5
$\begingroup$

I have two groups (experimental, N=6, and control group, N=20). For each participant I measured a score (let say mean reaction time) 4 times. I would like to check:

  1. whether these groups differed in the beginning (Time 1)
  2. whether the score changes in time (for control group)
  3. compare the change in time for both groups

I use R to analyze the data. What statistical tests can I use, given the small group size? I would be very happy for any advice or link. Thank you in advance.

$\endgroup$
5
$\begingroup$

Your analyses

One strategy is to use the same techniques as you would with larger sample sizes.

  • You could do a 2 by 4 mixed ANOVA with appropriate contrasts to test your effects of interest.

Or you could split your analyses up into discrete tests

  1. T-test for group differences at time 1
  2. Repeated measures ANOVA, possibly with linear and perhaps also quadratic contrasts for the effect of change in control group
  3. Interaction effect of the 2 by 4 mixed ANOVA (or perhaps a linear by group interaction) for whether the change in time differed between the two groups

General considerations regarding small sample sizes

  • You need to be particularly careful with outliers; and for this reason I have heard some researchers recommend using non-parametric tests with small sample sizes. I'm not completely convinced that this is necessary; I think if you are careful about looking for outliers, then standard tests may be okay. You also need to rely more on prior knowledge when doing assumption tests, because the data itself may be insufficient, for example, to assess whether residuals are normally distributed in the experimental group.
  • Do an actual power analysis based on your expected effect sizes. In your case, the comparisons between groups at time 1 is likely to have very little statistical power unless the effect size is huge. So, you should just acknowledge the fact that you may not be able to answer your research question with your data. In contrast, changes over time in reaction time with 20 people might still be quite powerful because of the increased power of repeated measures effects and the fact that you are ignoring the tiny n=6 group.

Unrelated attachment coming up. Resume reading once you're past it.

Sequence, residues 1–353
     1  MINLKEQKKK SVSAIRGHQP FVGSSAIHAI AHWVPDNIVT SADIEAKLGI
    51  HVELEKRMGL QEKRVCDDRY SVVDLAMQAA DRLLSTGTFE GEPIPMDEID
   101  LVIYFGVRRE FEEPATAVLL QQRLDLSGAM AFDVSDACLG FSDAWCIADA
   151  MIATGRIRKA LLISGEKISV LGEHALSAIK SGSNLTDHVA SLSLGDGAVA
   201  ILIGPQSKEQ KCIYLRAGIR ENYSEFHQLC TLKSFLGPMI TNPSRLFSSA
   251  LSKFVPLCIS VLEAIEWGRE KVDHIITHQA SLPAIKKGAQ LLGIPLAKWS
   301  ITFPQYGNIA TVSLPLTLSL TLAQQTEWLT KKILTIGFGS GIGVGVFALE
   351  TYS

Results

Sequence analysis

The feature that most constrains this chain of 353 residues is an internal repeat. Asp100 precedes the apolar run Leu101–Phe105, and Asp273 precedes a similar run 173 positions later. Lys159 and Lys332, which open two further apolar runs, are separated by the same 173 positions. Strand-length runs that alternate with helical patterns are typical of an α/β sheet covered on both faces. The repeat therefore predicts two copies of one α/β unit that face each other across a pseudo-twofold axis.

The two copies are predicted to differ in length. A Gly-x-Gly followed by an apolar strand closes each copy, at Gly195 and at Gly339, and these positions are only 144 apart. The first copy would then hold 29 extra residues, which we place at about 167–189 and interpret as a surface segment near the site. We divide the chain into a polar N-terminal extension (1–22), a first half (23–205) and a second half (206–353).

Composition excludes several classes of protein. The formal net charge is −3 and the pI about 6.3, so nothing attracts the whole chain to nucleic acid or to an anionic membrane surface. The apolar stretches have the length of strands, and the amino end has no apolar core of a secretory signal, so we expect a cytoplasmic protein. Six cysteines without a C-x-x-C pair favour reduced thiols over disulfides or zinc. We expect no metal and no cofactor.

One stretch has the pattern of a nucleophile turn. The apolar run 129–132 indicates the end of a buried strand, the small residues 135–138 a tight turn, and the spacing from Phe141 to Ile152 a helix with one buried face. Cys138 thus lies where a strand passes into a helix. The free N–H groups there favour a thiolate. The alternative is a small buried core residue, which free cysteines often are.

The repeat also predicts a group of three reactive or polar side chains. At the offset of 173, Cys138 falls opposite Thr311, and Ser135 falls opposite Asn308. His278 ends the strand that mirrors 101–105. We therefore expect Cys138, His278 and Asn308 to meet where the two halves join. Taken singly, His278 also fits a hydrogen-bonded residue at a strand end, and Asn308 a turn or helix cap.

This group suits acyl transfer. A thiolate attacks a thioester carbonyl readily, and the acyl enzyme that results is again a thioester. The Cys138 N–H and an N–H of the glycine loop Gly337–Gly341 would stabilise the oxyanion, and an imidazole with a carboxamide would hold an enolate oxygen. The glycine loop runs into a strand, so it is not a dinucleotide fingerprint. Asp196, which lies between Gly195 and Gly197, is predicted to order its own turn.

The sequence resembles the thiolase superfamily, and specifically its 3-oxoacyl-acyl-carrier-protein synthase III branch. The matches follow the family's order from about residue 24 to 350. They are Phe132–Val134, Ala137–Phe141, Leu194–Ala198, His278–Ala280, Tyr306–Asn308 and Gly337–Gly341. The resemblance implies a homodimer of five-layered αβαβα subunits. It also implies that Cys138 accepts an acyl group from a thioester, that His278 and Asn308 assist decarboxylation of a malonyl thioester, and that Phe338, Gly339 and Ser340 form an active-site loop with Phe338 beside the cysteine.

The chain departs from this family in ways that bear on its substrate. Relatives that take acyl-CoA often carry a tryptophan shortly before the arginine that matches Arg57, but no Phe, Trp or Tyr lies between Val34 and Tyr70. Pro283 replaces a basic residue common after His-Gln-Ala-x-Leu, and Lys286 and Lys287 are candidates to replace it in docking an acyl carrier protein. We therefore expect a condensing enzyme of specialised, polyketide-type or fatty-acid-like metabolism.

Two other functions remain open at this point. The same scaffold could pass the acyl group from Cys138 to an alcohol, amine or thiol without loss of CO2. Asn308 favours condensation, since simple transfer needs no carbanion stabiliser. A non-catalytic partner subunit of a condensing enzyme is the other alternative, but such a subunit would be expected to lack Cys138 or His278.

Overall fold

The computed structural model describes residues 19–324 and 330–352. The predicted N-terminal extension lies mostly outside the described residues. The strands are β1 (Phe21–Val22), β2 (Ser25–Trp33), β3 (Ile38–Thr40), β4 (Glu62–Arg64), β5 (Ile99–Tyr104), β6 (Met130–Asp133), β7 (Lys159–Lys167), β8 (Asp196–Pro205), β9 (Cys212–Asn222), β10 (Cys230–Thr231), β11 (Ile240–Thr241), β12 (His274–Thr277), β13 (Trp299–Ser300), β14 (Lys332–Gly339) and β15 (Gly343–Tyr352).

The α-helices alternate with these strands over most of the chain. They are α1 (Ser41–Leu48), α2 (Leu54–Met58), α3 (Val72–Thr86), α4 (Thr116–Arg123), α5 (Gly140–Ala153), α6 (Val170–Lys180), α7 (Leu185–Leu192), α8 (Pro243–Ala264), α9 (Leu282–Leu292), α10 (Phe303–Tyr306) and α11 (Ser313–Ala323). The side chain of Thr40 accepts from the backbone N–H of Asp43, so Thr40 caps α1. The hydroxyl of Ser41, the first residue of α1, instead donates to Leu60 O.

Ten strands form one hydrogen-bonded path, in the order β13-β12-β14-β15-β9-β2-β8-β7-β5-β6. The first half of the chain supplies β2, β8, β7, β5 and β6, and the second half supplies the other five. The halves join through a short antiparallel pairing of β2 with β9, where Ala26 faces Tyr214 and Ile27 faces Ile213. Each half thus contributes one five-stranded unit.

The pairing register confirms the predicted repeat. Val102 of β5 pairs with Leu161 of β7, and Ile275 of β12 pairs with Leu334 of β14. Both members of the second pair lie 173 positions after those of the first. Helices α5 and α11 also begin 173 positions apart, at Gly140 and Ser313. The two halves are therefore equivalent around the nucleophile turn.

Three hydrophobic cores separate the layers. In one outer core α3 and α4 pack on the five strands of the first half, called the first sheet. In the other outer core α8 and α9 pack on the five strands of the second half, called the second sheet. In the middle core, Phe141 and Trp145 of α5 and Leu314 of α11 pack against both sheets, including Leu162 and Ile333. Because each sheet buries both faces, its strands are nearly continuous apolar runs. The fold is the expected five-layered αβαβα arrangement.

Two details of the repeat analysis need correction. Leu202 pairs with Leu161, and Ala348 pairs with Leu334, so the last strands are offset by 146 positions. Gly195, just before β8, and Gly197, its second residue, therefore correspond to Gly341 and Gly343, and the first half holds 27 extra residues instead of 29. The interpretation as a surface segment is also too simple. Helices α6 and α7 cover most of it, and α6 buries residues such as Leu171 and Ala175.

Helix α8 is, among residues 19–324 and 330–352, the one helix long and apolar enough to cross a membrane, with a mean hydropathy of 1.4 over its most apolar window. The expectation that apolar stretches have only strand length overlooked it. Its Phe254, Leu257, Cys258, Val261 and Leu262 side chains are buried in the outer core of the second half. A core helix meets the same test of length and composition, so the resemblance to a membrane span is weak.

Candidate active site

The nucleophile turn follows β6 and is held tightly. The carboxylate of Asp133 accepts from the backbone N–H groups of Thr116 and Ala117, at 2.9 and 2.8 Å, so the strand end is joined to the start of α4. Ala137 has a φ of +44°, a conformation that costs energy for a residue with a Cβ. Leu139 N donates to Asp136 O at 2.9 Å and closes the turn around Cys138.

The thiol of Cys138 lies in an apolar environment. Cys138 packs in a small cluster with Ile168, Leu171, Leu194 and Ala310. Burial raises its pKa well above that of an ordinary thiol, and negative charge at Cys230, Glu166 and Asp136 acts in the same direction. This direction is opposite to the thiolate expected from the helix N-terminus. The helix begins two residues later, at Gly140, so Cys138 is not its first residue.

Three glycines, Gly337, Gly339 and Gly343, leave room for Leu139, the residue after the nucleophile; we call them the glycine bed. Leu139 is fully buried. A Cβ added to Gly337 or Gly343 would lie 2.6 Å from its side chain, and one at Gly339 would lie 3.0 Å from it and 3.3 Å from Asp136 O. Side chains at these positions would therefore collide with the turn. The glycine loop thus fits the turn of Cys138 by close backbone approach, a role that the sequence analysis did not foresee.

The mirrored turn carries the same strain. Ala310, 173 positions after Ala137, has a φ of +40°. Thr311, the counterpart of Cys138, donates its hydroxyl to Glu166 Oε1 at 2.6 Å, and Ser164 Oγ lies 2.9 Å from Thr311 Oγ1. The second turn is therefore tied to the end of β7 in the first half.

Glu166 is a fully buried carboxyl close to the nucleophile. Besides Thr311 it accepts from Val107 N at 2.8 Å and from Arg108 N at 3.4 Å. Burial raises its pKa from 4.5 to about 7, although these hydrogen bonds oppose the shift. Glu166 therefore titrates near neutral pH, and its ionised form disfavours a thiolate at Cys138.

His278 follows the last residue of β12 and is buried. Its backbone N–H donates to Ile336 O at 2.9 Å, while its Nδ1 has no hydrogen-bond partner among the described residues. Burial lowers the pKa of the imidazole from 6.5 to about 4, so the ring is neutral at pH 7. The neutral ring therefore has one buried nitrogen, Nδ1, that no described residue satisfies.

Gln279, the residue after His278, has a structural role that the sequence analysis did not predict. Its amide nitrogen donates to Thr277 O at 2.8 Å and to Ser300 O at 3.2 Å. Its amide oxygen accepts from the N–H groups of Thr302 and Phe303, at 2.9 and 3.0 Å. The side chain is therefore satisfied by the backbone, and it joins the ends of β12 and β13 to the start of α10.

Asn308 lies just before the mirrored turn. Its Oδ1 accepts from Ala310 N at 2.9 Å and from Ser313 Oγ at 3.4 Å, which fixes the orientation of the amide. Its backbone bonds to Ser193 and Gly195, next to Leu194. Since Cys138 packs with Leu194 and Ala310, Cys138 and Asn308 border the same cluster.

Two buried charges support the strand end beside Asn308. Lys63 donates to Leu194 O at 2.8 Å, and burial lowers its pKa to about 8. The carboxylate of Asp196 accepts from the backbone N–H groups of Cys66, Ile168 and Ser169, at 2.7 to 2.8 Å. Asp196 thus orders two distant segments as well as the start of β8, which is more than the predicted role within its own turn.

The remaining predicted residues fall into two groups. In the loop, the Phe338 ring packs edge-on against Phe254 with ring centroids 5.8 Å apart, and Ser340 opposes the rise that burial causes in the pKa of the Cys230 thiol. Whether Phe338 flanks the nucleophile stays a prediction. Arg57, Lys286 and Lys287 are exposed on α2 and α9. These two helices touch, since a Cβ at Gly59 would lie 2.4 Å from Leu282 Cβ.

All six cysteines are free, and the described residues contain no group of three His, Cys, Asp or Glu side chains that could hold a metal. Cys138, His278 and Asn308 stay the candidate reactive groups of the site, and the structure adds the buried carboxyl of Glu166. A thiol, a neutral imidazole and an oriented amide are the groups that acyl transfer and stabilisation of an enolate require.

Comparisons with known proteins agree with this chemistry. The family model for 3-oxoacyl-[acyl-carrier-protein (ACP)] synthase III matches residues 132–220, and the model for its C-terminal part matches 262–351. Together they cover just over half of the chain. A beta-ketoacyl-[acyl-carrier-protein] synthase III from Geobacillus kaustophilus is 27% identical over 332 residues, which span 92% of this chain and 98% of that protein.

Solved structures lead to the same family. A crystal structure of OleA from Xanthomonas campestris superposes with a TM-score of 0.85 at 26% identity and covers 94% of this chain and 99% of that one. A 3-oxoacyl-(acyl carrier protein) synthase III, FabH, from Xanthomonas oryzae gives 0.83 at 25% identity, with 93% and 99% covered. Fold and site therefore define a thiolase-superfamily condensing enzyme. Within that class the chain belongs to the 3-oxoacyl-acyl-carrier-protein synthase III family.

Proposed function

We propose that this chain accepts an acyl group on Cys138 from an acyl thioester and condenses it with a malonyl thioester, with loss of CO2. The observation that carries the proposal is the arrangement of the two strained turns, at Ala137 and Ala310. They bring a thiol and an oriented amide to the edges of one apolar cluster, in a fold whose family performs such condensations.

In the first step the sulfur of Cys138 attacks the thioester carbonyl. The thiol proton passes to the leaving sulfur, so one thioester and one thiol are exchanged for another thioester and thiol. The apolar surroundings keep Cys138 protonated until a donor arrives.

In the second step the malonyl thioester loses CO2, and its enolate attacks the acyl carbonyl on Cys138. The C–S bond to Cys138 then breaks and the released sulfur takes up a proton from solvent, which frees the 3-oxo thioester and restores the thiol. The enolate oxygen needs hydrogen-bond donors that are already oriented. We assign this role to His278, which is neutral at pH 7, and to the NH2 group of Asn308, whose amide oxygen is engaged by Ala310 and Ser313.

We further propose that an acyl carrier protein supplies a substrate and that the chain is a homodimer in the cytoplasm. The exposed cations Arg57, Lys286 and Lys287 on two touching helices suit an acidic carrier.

• Do things that focus your question. For example, a test of the linear effect of the four time points may be more powerful than if you just do ANOVA with time as factor. This is because the linear effect only uses 1 degree of freedom where as treating it as a factor would use k-1, i.e., 3 degrees of freedom. Of course, this is trade off because you might assume that the effect of time is monotonic, but not quite linear.
  • Keep the number of statistical tests to a minimum, which it sounds like you are. Tiny sample sizes combined with testing heaps of hypotheses can lead to some awful data dredging. Or if you are being conservative and apply bonferroni corrections or other adjustments, the minimal power that was present gets even lower.
  • Try to get more participants.
  • If you know that you can't get more participants, consider at the time of study design whether the research is worth doing if it will be insufficiently powered to answer your research question.
| cite | improve this answer | |
$\endgroup$
  • $\begingroup$ thank you very much for your answers. My preliminary results suggest, there are some differences despite the small group size. Do you think some other techniques like mixed-effect models (with p-values based on MCMC) or some sampling technique (bootstrapping) should be used, or you I stay with ANOVA? I wondered whether these techniques helped to smooth the results from the N=6 group. $\endgroup$ – Jiri Lukavsky Jun 7 '11 at 9:57

Your Answer

By clicking “Post Your Answer”, you agree to our terms of service, privacy policy and cookie policy

Not the answer you're looking for? Browse other questions tagged or ask your own question.